Skip to main content

Official website of the New England Patriots

Replay: Patriots Unfiltered Tue Jun 18 - 11:55 AM | Thu Jun 20 - 09:55 AM

Bill Belichick Press Conference Transcript

New England Patriots Head Coach Bill Belichick addresses the media following day two of the 2012 NFL Draft at Gillette Stadium on Friday, April 27, 2012.


BB: We started off the day with two draft picks and finished the day with two picks and then added one here for tomorrow. I thought we were able to keep the guys on the board - most of the guys on the board that we were looking at when we took [Jake] Bequette in the third and then [Tavon] Wilson as a versatile secondary player that we took in the second round. He played primarily safety but also some nickel and dime-type responsibilities in their [Illinois] defense as well. He also has some corner background as well. He has some versatility; we'll see where he fits in. Of course, Jake was a very productive guy in the SEC as a defensive end in their system. Did some linebacker stuff at the Combine and the all-star games but he's primarily been a productive pass rusher for Arkansas over his four years in a good conference. We'll see what we get there in the fifth round tomorrow. Then we'll pursue the free agents, the guys that aren't drafted, like we usually do. That's the recap for today.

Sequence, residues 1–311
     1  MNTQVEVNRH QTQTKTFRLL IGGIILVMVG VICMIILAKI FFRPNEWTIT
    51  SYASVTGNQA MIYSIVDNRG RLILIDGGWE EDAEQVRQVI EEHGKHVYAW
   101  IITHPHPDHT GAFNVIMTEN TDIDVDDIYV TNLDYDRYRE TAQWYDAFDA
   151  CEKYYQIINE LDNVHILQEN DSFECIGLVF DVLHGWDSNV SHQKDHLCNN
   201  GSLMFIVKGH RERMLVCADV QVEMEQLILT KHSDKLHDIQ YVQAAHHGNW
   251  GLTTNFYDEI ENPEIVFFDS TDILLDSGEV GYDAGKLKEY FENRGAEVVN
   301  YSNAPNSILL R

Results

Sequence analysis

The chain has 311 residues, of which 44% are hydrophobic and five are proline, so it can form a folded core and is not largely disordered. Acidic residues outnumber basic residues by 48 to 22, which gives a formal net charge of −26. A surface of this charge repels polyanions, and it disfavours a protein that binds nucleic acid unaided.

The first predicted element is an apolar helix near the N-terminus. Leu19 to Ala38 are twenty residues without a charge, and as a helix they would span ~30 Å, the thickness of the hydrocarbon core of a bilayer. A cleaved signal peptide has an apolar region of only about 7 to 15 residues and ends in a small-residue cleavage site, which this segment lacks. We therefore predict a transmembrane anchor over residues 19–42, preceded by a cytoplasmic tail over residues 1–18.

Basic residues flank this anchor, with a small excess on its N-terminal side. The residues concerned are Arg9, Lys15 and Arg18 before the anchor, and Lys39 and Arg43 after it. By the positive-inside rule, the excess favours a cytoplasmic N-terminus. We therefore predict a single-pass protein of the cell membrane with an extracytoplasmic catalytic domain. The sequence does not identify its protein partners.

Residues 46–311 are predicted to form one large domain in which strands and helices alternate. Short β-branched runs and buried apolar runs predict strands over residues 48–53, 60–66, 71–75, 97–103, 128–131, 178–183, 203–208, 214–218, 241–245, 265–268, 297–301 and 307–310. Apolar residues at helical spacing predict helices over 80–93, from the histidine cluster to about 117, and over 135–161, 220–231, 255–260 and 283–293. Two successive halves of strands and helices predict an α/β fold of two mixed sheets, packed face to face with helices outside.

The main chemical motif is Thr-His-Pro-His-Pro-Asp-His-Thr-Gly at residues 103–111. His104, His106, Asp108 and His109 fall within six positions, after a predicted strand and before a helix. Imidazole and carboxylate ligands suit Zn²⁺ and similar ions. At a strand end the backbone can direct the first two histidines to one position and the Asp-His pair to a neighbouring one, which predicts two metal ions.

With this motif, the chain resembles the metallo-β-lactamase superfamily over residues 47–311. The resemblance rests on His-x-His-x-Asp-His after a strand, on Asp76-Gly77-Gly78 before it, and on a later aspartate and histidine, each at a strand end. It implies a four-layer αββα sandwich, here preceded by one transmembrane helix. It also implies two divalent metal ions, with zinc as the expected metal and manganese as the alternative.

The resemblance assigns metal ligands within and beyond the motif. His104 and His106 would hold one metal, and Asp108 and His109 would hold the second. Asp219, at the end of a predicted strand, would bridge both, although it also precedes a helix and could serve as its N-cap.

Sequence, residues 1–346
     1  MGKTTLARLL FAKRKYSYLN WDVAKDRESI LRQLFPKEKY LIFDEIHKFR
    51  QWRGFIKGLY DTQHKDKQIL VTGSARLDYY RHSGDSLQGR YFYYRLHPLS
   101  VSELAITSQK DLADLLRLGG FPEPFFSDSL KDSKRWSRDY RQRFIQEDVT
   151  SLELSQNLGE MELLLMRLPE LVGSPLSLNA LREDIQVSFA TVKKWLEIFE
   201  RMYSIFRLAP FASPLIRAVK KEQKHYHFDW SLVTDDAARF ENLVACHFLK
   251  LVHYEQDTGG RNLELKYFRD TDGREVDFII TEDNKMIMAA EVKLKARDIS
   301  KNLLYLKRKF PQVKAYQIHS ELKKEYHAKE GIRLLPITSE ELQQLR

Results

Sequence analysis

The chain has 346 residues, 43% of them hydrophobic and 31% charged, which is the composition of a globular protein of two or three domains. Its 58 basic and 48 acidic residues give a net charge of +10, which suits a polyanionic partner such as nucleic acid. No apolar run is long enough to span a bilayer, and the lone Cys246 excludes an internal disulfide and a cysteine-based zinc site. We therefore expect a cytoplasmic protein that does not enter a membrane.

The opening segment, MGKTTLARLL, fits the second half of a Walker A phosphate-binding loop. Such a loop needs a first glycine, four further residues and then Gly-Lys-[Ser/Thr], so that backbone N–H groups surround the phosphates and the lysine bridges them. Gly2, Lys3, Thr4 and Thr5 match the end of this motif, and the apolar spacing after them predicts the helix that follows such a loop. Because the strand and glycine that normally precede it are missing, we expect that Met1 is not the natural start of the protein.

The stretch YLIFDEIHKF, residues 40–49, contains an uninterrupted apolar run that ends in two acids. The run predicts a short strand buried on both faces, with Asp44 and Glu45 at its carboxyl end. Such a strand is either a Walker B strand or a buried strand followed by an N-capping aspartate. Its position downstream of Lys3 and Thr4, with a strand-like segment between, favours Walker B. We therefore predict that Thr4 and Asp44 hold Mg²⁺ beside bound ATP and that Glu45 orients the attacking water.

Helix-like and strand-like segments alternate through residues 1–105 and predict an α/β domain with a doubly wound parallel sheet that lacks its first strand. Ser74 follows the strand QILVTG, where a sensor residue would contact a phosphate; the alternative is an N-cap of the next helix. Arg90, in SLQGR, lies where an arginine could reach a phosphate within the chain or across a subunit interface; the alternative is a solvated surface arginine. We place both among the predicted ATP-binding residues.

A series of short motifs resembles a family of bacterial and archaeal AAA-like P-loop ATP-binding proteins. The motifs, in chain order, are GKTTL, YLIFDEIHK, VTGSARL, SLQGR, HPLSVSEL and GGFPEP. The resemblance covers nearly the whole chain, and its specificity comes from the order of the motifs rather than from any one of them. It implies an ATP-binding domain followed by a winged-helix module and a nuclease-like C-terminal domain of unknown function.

Q: Can you address the thought process on the trade?  

BB: We felt like there were enough players on the board and that they would last that we would be able to get a similar value in the third round for an additional fifth round pick. I think Jake is a good value there for us.  

Q: Did you have trouble finding willing trade partners in this draft?  

BB: Each pick is a little bit different. Each pick has its own dynamic. We traded three of the four picks.  

Q: Were you surprised with what you saw Cleveland got five picks after you guys in their trade as opposed to what you got?  

BB: There wasn't a real steady consistent trade pattern, let's put it that way. Some trades look better than others when you put them up against each other. In all honesty, the picks were moving pretty quickly and we focused more on what the opportunities were rather than trying to sit around and analyze each one. Again, a lot of it just depends on what is on the board, what you feel about what's up there -how motivated you are to pick or how motivated you are to try to add picks and what the options are or yesterday, if you want to move up, what the cost is to move up or to stay where you are and keep the extra picks. Each one is kind of its own independent decision.